Franchise Law

Federal Franchise Law Essentials

Franchisees benefit from a variety of laws designed to protect their interests. Here are several federal franchise law essentials you should know about if you own or will own a small business franchise.

On the surface, a franchise would appear to be just like any other small business, albeit with a close connection to a franchisor or parent company.

Federal Franchise Law Essentials

But from a legal standpoint, a franchise is a unique business entity that is governed by a corpus of regulations and requirements known as franchise law.

While some aspects of franchise law are governed at the state level, the federal government has an interest in ensuring that franchises are treated fairly by franchisors. Although federal laws are constantly changing, there are some basic tenets of federal franchise law that every franchise business owner needs to know about.

The Federal Trade Commission (FTC)

At the federal level, franchising is regulated by the Federal Trade Commission. According to FTC guidelines, franchisees are permitted to use the franchisor's marks, logos and symbols in exchange for a fee of at least $500 (payable within 6 months of the business opening).

Franchisors are permitted to collect several different forms of payment from franchisees including franchise fees, royalties, training fees and more. Franchisors are also allowed to exert granular control over their franchisees, even when it comes to operational details that are typically determined by the business owner.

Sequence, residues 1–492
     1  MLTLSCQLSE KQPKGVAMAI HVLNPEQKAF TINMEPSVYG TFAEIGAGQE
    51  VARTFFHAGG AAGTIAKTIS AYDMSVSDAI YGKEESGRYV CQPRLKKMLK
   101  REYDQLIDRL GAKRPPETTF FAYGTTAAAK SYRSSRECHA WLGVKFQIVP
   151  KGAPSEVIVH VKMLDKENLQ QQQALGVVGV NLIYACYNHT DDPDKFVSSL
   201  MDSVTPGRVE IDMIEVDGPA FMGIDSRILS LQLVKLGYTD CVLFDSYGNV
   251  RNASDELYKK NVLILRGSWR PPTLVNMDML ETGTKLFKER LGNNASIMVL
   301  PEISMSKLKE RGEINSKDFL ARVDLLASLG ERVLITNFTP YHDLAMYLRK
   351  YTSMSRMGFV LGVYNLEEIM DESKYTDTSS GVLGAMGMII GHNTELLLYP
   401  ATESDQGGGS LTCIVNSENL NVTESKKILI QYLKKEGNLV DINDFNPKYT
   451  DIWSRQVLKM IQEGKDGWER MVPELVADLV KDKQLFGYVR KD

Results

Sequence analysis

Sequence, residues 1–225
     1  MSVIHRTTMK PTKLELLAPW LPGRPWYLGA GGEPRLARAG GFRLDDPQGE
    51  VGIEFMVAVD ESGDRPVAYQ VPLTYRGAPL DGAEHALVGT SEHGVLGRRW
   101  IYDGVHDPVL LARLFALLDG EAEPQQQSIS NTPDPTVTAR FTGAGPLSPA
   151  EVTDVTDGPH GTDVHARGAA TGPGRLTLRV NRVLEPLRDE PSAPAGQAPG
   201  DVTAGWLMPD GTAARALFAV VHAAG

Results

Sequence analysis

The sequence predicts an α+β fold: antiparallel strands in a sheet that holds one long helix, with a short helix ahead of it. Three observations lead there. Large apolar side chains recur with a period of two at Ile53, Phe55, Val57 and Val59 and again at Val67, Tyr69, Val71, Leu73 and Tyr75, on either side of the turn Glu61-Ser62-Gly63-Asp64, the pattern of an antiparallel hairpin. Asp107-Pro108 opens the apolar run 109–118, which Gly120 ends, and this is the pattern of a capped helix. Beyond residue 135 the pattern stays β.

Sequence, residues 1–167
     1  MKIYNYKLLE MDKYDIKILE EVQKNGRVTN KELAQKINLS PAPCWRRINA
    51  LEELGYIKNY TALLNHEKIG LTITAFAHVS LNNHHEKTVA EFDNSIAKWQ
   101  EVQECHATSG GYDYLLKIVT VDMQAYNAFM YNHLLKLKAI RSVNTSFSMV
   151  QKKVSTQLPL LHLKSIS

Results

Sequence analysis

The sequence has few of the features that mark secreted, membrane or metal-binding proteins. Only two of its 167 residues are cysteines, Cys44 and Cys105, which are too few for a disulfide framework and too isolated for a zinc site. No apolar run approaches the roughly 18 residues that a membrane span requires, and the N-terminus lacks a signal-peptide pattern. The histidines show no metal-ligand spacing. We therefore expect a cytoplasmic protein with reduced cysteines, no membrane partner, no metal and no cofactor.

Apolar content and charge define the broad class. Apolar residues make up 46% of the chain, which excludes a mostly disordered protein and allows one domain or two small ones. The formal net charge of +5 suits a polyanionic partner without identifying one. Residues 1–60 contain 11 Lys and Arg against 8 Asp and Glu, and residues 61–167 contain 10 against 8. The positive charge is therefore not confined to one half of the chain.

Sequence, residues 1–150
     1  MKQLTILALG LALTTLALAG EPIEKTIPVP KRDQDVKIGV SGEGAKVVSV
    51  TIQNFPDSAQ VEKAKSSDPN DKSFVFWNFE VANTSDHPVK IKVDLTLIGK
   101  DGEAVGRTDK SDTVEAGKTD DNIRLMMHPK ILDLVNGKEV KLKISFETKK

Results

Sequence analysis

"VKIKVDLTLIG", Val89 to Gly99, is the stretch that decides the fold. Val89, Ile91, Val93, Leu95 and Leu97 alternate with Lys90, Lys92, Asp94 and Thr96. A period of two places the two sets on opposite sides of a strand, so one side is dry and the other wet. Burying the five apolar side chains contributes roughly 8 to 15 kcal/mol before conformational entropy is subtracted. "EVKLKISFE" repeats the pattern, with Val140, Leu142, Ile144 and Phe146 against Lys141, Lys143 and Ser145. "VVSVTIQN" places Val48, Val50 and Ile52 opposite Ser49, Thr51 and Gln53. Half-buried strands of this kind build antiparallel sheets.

Franchise Disclosure Documents

One of the most important aspects of federal franchise law is the Franchise Disclosure Document (FDD) requirement. Prior to the final purchase, franchisors are required to provide franchisees with a formal document that clearly describes the terms and fees associated with the franchise.

Although franchise disclosures are negotiated, FDDs are formal business documents that must include specific information, described by the FTC. In many cases, FDDs are hundreds of pages in length and extremely detailed. A typical FDD will include franchisor financials, estimated earnings, terms & fees, and other information that is critical in helping the franchisee make an informed purchase decision.

Before you formally buy into a franchise, it's imperative to have your attorney perform a careful review of the FDD to make sure you won't be hit with any surprises after your sign your name on the dotted line.

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